Congress has a pattern of letting tax breaks lapse almost every year, and almost every year, renewing them, retroactively, so taxpayers can claim them by the time they file their tax returns.
BUFFALO, NY - "You're always trying to take advantage of tax benefits," said Michael F. Curatolo, a financial planner with the Georgetown Capitol Group in Williamsville.
However, as of midnight, some 55 temporary tax breaks will expire, after Congress went home for the year without taking action to renew them.
"For the average individual worker, whatever you see on TV or in the newspaper about expiring tax breaks, they really don't pertain to 99 percent of the population," Curatolo said.
It is a different story, though, for those who are affected.
If you are a teacher, for example, and you are familiar with IRS Form 1040, line 23 has been one of the more pleasurable lines to fill out.
That is where, for years, educators have been able to deduct up to $250 for qualified expenses, which they have paid out of pocket for their classrooms.
In 2010, the latest year for which figures are available, nearly four million teachers deducted $915 million.
Line 34 is familiar to those who could deduct college tuition and fees of up to $4,000...and more than two million taxpayers claimed this break in 2010, saving more than $4 billion,
Another deduction expiring at midnight is for mortgage insurance premiums. Roughly 4.2 million taxpayers claimed the tax break in 2010, deducting a total of $5.6 billion.
One you may never have heard of is the New Markets Tax Credits.
However, it is one Congressman Brian Higgins (D-NY 26th) has fought to keep, claiming it has lead to $180 million dollars in development in the city of Buffalo alone.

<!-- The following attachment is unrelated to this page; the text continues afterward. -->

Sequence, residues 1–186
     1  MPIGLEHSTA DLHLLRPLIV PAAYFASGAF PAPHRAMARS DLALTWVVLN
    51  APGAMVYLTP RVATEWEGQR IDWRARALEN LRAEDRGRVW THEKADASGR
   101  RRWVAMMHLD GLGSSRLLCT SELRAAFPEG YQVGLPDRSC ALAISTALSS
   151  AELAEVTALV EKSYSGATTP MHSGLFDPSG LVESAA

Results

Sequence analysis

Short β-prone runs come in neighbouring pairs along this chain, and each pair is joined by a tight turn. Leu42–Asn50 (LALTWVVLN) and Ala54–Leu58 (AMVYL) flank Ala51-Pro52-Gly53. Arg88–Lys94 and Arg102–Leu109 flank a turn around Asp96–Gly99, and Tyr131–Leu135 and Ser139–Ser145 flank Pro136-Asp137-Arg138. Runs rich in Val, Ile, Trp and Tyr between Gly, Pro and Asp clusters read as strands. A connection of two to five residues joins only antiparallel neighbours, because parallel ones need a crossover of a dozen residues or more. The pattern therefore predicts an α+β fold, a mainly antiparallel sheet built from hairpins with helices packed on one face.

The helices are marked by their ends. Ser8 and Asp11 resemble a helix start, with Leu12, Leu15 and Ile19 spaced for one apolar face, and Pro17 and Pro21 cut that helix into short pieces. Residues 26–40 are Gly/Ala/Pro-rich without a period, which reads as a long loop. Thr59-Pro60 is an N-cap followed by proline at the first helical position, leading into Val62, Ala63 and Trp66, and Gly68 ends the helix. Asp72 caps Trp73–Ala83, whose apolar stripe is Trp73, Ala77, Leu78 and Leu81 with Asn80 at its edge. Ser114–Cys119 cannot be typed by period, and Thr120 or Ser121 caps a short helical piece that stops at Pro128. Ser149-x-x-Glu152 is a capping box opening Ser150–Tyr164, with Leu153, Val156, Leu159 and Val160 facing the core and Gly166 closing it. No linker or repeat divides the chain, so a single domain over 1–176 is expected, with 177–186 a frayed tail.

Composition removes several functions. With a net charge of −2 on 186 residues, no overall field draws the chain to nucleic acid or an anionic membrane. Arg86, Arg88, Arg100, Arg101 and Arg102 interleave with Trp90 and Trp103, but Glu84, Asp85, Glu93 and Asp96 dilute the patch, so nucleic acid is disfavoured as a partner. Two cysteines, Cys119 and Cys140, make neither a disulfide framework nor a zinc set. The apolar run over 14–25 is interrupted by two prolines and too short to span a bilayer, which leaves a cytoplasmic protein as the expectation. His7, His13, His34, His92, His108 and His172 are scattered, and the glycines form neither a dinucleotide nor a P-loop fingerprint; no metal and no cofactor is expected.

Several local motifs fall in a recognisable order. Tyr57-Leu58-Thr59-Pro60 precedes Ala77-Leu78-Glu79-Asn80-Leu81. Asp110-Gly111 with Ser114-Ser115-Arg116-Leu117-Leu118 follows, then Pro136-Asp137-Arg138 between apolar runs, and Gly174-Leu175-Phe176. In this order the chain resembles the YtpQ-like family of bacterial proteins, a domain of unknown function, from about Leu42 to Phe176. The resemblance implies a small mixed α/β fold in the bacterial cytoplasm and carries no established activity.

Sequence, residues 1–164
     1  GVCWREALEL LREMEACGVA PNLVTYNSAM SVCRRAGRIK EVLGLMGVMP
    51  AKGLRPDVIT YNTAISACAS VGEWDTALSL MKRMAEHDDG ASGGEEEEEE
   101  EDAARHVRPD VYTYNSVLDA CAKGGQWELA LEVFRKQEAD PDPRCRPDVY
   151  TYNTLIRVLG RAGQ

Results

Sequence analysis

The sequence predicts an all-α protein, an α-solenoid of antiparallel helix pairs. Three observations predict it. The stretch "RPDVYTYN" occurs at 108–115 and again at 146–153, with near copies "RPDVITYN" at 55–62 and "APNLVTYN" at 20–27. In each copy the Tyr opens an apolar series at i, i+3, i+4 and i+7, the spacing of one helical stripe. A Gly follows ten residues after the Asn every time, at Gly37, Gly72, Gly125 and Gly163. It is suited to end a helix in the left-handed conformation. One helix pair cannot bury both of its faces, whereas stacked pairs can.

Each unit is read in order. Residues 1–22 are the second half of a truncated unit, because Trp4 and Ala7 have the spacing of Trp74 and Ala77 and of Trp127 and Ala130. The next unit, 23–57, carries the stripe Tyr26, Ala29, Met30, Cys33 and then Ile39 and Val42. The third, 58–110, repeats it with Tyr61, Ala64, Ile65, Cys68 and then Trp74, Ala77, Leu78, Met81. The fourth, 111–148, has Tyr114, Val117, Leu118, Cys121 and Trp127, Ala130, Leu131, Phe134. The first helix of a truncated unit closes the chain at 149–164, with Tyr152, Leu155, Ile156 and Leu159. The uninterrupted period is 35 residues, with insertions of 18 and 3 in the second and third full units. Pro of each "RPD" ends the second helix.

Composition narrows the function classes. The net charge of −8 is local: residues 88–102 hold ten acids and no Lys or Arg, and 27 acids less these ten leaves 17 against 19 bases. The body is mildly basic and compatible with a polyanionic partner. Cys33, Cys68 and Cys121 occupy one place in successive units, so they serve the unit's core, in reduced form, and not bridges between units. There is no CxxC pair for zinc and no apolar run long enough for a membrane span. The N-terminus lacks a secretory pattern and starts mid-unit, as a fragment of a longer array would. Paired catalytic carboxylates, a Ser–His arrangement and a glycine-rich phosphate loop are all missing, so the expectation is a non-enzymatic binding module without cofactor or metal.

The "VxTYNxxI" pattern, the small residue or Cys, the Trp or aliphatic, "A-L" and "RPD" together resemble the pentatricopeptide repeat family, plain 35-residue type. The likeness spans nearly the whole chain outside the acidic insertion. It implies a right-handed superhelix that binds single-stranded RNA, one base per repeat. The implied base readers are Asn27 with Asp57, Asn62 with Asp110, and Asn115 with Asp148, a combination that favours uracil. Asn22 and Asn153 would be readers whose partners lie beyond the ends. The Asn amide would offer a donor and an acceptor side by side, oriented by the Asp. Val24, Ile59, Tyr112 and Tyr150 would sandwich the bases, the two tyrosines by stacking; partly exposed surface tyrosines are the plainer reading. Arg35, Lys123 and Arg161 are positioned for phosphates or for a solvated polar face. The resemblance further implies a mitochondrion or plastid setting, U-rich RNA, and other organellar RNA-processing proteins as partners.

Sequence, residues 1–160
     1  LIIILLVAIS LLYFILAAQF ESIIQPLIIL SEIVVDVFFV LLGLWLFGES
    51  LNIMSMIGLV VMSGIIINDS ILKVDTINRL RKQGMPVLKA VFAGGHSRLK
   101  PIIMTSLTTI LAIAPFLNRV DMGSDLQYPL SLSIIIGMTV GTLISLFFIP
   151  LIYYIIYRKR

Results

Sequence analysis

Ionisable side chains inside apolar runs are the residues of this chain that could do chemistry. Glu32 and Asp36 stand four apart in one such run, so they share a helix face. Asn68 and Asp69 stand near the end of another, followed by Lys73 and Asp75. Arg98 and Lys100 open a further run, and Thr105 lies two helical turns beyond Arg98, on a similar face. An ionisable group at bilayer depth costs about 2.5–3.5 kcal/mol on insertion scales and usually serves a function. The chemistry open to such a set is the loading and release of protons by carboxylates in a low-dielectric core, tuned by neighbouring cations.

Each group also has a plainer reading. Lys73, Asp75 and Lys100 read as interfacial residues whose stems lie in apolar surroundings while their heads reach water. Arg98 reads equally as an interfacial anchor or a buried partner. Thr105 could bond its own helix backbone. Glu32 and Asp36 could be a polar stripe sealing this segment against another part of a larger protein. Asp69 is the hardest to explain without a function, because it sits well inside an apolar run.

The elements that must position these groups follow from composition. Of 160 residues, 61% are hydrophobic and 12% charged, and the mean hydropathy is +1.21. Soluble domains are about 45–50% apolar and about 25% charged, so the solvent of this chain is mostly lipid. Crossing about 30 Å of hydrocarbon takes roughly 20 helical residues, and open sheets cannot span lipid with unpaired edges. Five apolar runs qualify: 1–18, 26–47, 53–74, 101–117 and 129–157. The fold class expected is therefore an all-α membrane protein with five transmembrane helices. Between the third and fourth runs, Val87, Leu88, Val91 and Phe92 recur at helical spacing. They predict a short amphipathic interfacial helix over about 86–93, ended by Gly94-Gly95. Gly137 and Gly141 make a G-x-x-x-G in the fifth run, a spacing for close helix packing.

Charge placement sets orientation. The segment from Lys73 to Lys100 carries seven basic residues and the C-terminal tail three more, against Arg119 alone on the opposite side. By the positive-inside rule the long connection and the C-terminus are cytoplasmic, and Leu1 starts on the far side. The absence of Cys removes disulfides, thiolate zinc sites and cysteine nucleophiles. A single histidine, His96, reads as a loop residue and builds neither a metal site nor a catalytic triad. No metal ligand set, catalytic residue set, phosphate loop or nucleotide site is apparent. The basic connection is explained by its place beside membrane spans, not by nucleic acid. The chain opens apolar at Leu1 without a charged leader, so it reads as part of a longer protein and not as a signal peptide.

"It has been used to undertake certain development projects in urban areas that might not otherwise be undertaken," Higgins told WGRZ-TV, adding his belief that if not for that credit, several development projects in the city might not have ever been undertaken.
Higgins cites Roswell Park's Clinical Sciences Center, the renovation of the Hotel Lafayette, and the Electric Tower as being among several projects that were largely brought about by that particular tax break.
Nevertheless, there are a couple of important things to remember.
First: because the tax breaks were in effect for 2013. Taxpayers wouldn't be hit until 2015, when they file tax returns for 2014.
And, second, Congress has a pattern of letting tax breaks lapse almost every year, ...and almost every year, it eventually renews them, retroactively, so taxpayers can claim them by the time they file their tax returns.
"Washington is constantly changing things and they're constantly extending things," Curatolo noted.
"That's not helpful to the economy because it creates uncertainty," said Higgins. You do tax credits to incentivize certain behavior...and they can work. But when you allow these tax credits to expire on an annualized or every two years, it defeats the purpose."
Higgins says Congress might better consider, when deciding to enact a tax credit or deduction, to enact it for a decade to avoid the year-to-year uncertainty.
For example, he recalled the remarks of an executive with General Electric who once said his company would not make a generational commitment to clean energy technology, on a two-year tax credit.
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